The Weddell Sea—Emperor Penguin Voyage is one of the most spectacular Antarctic adventures around. This 11 Days expedition cruises aboard the 116 passenger ship Motor Vessel Ortelius and offers the unique experience of close emperor penguin encounters at their more secluded rookeries via exciting helicopter rides. Finish the voyage passing through the South Shetland Islands.
An emperor penguin rookery is situated south of Snow Hill Island, below Hope Bay on the Antarctic Peninsula and James Ross Island. The captain will do the utmost to position the vessel close enough to Snow Hill Island in order to enable ship-to-shore helicopter transfers to approximately 45-minute walks to the emperor penguin rookeries.
Hope to see the western side of the Antarctic Sound, an area only rarely seen from the air with stunning landscapes of layered sandstones, lava flows, glaciers tumbling into the sea and icebergs and pack-ice as far as the eye can see. Observe individual emperor penguins and adélie penguins on the ice floes; cape, snow, and giant petrels flying overhead; and kelp gulls, skuas and Wilson’s storm petrels scavenging below. Walk over frost-shattered rocks covered in fascinating lichen and visit Seymour Island, where the Swedish Antarctic Expedition from 1901-04 overwintered under miraculous circumstances.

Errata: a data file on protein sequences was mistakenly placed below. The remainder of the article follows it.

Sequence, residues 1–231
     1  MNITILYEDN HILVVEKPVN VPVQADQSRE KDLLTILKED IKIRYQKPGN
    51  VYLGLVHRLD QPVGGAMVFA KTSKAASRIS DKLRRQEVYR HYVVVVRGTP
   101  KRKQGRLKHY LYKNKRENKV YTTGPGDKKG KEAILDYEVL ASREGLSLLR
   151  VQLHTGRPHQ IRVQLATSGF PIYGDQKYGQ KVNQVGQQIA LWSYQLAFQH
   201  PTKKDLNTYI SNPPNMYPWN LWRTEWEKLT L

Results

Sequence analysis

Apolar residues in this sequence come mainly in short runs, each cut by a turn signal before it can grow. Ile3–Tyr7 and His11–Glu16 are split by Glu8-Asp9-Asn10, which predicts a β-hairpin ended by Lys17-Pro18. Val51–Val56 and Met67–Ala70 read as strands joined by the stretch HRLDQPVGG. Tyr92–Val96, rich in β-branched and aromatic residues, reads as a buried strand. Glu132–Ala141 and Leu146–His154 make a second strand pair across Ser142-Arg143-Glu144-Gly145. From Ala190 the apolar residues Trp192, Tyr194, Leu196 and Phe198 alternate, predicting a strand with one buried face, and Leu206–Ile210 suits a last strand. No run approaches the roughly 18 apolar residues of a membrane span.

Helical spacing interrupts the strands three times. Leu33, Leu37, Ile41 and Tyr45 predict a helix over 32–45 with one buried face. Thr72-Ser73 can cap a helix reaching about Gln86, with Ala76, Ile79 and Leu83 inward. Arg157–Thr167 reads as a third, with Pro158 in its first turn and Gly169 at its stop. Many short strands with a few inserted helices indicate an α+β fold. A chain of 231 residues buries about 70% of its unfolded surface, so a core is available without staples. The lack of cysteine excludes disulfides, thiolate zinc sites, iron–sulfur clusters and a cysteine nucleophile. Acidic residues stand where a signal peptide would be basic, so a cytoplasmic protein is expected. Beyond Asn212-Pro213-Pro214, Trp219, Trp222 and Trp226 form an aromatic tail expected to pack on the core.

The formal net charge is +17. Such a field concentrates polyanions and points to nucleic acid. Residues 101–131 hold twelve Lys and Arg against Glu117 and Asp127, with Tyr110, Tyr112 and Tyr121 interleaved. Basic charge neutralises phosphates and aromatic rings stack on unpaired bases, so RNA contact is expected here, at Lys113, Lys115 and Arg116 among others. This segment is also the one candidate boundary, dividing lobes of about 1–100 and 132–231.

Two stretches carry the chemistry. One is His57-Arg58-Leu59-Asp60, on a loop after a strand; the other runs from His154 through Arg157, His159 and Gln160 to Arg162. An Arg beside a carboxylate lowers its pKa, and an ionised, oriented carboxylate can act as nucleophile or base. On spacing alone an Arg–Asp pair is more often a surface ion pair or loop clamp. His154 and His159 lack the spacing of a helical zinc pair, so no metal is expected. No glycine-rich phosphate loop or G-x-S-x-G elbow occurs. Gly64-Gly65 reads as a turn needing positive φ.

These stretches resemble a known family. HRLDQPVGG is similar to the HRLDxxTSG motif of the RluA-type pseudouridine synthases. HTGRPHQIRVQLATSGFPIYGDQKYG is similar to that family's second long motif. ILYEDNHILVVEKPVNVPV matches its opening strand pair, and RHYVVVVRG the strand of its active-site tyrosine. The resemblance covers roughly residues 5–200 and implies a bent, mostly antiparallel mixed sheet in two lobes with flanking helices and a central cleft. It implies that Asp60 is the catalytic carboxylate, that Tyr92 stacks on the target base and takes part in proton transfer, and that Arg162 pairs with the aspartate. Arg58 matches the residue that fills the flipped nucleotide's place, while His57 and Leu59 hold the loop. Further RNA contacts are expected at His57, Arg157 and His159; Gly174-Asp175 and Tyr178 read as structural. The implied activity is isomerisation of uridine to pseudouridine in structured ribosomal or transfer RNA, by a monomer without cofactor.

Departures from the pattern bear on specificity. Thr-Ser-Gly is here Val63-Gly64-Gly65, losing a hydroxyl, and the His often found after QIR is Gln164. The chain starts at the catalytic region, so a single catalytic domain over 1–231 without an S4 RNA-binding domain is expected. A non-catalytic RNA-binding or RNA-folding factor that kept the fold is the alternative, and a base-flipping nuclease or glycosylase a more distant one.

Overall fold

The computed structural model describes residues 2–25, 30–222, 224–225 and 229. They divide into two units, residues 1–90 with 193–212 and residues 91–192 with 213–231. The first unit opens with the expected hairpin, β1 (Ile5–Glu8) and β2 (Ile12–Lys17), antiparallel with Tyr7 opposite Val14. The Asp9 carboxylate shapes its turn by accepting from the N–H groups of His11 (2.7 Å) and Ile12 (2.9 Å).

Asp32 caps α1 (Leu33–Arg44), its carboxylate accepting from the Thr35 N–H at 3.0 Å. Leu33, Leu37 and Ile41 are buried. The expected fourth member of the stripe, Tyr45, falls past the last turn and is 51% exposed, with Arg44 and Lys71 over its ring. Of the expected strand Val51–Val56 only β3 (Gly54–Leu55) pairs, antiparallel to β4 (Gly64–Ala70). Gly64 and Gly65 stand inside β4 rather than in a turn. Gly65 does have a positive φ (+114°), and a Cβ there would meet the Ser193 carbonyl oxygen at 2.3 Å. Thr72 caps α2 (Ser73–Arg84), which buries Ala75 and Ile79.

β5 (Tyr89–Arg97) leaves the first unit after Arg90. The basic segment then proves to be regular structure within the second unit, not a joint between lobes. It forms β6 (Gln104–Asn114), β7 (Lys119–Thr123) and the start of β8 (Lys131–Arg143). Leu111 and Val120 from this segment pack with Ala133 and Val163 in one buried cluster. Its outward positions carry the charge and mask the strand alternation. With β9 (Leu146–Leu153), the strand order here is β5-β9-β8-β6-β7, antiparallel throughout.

Within the 11-day itinerary, the Weddell Sea Emperor Penguin Voyage reserves four days to visit the emperor penguin rookeries by helicopter.
ITINERARY IN BRIEF:
Day 1: Embark Ushuaia
Day 2: Drake Passage
Day 3: Drake Passage
Day 4: Weddell Sea
Day 5: Weddell Sea
Day 6: Weddell Sea
Day 7: Weddell Sea
Day 8: Deception
Day 9: Drake Passage
Day 10: Drake Passage
Day 11: Disembark Ushuaia